OPINION: Tell your story

In wake of tragedy, students are speaking out and the nation is listening

By Shannon Carriger, English Teacher, Guest Editorial

Hang on for a minute...we're trying to find some more stories you might like.

Email This Story

In literature, tragedies are fairly predictable stories. The characters and the conflict, the climax and the resolution follow a common, static pattern in one place at one time. If you’ve studied any tragedy, you’ve learned that. In real life, when tragedy strikes, those simple elements are no longer simple, and there is rarely resolution, because there is rarely just one story. There are stories of those who survive, those who die, those who witness, those who are responsible, and those who profit. The tragedy isn’t limited in time or place, so to discuss real-life tragedy by only telling one story isn’t just incomplete, it’s dangerous.

As a teacher, I want students to ask questions: Is this a credible argument? Why? How should I interpret this? Do I believe this? Why not? Is this true? I want students to debate civilly as you work out what you know and why. I want you to know your story, to be empowered to tell it, and in an ideal world, to listen to and value each other’s stories as much as your own.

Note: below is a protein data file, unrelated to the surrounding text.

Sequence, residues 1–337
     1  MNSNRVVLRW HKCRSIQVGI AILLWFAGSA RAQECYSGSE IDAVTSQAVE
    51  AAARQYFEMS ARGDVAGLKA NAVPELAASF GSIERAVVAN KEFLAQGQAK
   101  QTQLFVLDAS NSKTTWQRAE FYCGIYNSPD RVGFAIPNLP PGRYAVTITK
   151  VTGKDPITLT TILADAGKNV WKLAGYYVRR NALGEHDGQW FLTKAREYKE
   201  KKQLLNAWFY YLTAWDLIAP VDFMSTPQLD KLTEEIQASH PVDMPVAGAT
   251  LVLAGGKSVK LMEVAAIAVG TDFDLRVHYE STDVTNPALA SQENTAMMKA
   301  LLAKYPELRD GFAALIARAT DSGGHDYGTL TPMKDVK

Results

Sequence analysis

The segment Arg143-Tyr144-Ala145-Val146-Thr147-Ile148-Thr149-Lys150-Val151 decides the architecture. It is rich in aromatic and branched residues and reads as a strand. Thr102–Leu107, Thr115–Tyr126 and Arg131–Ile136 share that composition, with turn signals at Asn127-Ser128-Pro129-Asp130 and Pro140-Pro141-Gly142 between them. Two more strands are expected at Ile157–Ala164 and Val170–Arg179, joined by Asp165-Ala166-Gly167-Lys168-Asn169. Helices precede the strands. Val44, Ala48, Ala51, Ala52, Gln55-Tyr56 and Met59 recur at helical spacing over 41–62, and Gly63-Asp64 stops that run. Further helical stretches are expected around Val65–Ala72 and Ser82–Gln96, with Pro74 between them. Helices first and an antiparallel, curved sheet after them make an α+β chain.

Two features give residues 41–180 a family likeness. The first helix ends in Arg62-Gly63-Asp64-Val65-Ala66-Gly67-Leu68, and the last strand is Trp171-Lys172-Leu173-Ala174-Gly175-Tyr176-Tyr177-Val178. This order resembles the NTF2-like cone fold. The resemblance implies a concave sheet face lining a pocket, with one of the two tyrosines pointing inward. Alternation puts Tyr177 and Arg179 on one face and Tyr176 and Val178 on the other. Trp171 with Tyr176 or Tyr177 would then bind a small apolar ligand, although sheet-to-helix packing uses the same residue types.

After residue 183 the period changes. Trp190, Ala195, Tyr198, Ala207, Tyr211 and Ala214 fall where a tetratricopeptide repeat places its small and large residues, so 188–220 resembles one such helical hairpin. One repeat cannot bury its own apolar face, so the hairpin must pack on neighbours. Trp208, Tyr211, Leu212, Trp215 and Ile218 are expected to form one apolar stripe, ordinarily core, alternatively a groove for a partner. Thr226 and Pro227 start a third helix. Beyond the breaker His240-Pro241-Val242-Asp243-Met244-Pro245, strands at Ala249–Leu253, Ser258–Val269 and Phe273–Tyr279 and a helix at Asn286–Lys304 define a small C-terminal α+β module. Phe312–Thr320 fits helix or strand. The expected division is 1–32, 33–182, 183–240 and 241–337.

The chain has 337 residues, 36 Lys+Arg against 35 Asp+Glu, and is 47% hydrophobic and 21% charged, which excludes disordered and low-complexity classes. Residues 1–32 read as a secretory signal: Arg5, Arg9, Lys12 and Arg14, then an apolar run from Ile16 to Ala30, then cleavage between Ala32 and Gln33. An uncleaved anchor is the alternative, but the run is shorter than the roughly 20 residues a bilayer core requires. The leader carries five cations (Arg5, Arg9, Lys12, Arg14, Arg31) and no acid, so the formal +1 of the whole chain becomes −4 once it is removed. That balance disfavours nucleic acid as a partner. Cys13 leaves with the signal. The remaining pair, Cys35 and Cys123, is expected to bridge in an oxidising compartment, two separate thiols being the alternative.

Because, by telling and valuing only your story, you may privilege your experience over others’, and that shortsightedness may put people in danger. This is another lesson you’ve probably learned from studying tragedy.

No one story will ever be enough to understand something as complex or as terrifying as school shootings. When we talk about these tragedies, it is easy to only tell the gun control story. It is easy to only tell the mental health story. It is easy to only tell the state of public education story because those stories seem to have resolutions. They are easier than acknowledging no one story alone reveals the whole truth. But, what is easy is seldom what is right, and to do what is right, we must tell and listen to and value all of the stories that feed into this tragedy.

In a 1977 interview, writer James Baldwin said, “People can cry much more easily than they can change.” Since the tragedy at Columbine in 1999, the country has done plenty of crying. Today, students from Marjory Stoneman Douglas High School are calling for change by telling their stories. While much of the country has been stunned by the students’ eloquence, passion,and conviction, your teachers are not surprised. We know students like this. We know you. We know your strength and compassion, we know your dedication and resilience. And, most importantly, we know you have stories to tell, and we are listening.